Friday, April 24, 2009

Sea Turtles + Eelgrass = Healthy Environment

Photo: Sea turtle foraging (eating) in the Caribbean.

Sea turtles in the San Diego Bay seem to mostly feed on eelgrass which is found in throughout shallower parts of the bay. In the southern part of the bay, south of Sweetwater Marsh, where the turtles spend most of their time, the eelgrass seems to grow in shallow areas ranging from a depth of 0-7 feet. Called "eelgrass beds", these sea turtle feeding areas are very important habitats for other animals living in and around the bay.

Young fish, crabs, lobsters and more use the eelgrass beds to grow before moving on to other habitats like the open ocean. When sea turtles eat the eelgrass, they act like "lawnmowers" and keep the beds healthy and growing. By maintaining these important habitats, fish and other animals in the water can use the eelgrass as protection from predators, a food source, and a nursery. Fish found in the south bay include California halibut, Spotted & Barred Sand Bass, Striped Mullet and Kelpfish - among many others.

Eelgrass also helps keep the water clear! Because eelgrass can grow to be a few feet in length, it can slow down movements in the water that might otherwise stir up the fine sand on the bottom that makes the water murky. And because it has roots - just like normal grass - it helps trap and hold down the sand and other fine sediments.

Finally, if the water is too polluted, the eelgrass cannot grow. During the 1940s-1960s, eelgrass beds shrank and pretty much disappeared as a result of marine pollution. But when changes began to occur to improve the quality of the bay's water (like eliminating sewage deposition in 1963) the eelgrass began to grow again.

So, when we have sea turtles in the bay, we know we have eelgrass in the bay, and that the ecosystem is doing alright!

Happy Earth Day, everyone!


Key Reference: The San Diego Bay Integrated Natural Resources Management Plan (INRMP)

Monday, April 20, 2009

Since the sea turtles in the San Diego Bay don't come out of the water, how do scientists study them?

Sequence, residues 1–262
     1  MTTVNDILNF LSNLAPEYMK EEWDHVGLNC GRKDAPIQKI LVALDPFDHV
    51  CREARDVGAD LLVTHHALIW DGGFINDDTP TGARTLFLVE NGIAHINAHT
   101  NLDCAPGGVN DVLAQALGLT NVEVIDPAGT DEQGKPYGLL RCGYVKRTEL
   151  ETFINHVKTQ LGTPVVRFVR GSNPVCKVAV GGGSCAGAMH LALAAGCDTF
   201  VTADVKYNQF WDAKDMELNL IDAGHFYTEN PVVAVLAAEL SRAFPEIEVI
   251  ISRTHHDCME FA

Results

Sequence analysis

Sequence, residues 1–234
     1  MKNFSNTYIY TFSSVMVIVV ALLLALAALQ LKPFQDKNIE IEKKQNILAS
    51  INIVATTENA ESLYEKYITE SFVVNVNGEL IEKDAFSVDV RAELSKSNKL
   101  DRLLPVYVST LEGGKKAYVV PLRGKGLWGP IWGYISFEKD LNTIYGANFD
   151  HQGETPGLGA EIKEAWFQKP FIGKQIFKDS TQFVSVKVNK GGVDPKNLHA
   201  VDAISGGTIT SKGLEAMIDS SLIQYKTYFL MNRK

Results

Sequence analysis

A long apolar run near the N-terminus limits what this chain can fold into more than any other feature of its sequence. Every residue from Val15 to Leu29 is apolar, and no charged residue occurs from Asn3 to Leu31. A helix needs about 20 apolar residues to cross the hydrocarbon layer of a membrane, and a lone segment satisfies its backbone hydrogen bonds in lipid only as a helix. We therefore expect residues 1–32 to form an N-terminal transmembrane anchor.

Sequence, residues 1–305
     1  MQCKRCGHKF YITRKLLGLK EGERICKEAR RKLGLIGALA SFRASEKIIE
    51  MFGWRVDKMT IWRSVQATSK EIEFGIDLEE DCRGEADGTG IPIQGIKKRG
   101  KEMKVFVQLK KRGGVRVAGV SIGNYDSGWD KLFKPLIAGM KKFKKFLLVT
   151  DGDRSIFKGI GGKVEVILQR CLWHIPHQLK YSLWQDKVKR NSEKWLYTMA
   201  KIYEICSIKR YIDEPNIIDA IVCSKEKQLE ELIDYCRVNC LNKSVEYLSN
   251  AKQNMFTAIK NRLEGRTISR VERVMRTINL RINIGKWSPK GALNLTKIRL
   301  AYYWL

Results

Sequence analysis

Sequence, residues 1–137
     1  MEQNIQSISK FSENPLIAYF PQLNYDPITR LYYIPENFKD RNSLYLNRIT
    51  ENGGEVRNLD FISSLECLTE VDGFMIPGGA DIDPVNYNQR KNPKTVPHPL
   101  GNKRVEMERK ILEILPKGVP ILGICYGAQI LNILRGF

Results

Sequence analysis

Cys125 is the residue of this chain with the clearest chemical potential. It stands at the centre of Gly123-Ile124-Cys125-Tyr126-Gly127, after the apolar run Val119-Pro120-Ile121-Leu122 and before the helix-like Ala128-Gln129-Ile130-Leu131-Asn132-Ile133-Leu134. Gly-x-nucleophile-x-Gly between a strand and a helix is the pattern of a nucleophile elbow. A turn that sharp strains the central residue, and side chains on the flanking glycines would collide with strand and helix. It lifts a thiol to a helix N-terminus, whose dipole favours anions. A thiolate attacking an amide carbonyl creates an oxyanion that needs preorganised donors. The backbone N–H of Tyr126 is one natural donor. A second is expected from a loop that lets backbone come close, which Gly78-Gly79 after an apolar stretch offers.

Sea turtles, as their name implies, are marine animals and spend almost ALL of their time in the ocean. The exception is when females nest on beaches, or when individuals bask, or rest, on the sand to warm up - this is common in places like Hawai'i, especially where there are not too many disturbances, like people or pets. But in San Diego, the turtles stay in the water all the time, they only eat here, they don't nest or breed here. So this can make it difficult for scientists to study this groups of sea turtles.

What researchers do instead, is use large nets, designed specifically to capture but not harm the sea turtles. And because green sea turtles are endangered and are protected by the Endangered Species Act, researchers have permits and use special techniques when working with the turtles. Always on the water and watching the nets, researchers bring the caught turtles into the small research boat, and then bring the sea turtles onto shore. A typical "exam" done by the scientists includes weighing and measuring the turtle, taking samples for DNA and contaminant testing, and tagging the turtle so its movement can be monitored.

More information coming soon on the different ways San Diego's sea turtles are tagged and tracked.

When all the information about the turtles has been recorded, the nets are removed from the water, and the turtles are released back into the bay where they were found.